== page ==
During #BlackHistoryMonth and on #InternationalDayofWomenandGirlsinScience, it’s important to recognize the unique barriers that impact and exclude Black women in STEM. Data reveals that only 2% of STEM jobs are held by Black women nationwide and that while Black and white students enter STEM majors at the same rate, Black students leave these majors at a rate of 40%, compared with 29% of white students.
To delve deeper into what’s preventing Black women from pursuing STEM careers and staying in them once they gain a foothold, Barnard faculty, alumnae, and students shared their own personal experiences, highlighting the power of mentorship and the need for broader conversations around diversity in STEM — particularly within the education system.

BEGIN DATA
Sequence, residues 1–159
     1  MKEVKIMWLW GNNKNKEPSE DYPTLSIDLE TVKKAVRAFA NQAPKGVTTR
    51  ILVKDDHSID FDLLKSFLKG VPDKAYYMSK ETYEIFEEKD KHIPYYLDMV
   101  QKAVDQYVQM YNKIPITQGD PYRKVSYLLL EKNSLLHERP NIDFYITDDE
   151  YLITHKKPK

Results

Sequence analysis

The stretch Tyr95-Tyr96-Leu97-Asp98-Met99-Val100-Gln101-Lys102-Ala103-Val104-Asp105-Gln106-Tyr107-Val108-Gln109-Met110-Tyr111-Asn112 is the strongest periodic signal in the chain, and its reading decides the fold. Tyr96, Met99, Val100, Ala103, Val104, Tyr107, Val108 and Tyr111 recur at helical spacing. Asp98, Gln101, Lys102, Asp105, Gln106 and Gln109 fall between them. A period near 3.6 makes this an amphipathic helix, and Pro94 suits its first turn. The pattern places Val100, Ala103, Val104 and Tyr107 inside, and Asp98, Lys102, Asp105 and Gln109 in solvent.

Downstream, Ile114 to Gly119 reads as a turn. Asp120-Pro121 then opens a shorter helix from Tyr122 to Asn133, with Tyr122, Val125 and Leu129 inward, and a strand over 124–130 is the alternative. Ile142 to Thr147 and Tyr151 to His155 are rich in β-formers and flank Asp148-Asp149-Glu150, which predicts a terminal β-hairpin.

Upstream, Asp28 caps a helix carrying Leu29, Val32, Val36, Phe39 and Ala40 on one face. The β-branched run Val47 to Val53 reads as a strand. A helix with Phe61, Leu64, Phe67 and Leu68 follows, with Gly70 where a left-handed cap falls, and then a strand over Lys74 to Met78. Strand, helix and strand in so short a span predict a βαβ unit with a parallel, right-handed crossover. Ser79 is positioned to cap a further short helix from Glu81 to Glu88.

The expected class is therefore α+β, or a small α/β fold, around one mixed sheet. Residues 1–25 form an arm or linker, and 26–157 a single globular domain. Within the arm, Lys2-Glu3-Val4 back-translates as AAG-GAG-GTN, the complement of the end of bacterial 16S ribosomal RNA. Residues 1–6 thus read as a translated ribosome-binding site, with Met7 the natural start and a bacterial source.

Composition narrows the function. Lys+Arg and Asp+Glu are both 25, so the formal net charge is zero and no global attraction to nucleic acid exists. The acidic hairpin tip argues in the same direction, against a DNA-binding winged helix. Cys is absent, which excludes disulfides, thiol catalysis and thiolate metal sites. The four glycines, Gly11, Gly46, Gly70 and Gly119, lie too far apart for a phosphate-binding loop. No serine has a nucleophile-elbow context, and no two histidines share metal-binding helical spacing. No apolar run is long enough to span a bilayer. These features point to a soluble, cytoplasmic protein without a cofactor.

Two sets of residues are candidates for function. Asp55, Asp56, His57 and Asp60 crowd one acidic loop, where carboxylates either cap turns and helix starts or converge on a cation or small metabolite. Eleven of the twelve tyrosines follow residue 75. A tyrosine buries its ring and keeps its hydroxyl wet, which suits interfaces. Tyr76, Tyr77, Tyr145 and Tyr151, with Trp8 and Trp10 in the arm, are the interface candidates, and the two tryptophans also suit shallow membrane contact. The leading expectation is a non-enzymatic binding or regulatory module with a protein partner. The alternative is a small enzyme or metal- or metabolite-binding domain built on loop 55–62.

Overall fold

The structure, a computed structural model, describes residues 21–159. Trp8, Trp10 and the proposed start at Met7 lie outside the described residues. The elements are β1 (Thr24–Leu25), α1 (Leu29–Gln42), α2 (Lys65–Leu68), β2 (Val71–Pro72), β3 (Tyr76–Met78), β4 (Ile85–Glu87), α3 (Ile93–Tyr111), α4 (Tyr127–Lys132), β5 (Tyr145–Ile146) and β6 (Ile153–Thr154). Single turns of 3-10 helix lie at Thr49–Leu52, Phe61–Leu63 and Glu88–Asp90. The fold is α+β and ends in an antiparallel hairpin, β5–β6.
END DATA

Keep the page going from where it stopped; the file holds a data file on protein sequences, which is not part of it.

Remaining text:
“We need more opportunities for Barnard students to be in spaces that are historically cis male and white so that we may make our mark on the world,” says Lauren Babb ’18 (pictured above).
Barnard programs like The Science Pathways Scholars Program and new courses like Chemistry and Racism have begun to address the diversity problem in STEM, but there is still much more work to do.
Visit the link in our bio to hear more insights from our faculty, alumnae, and students.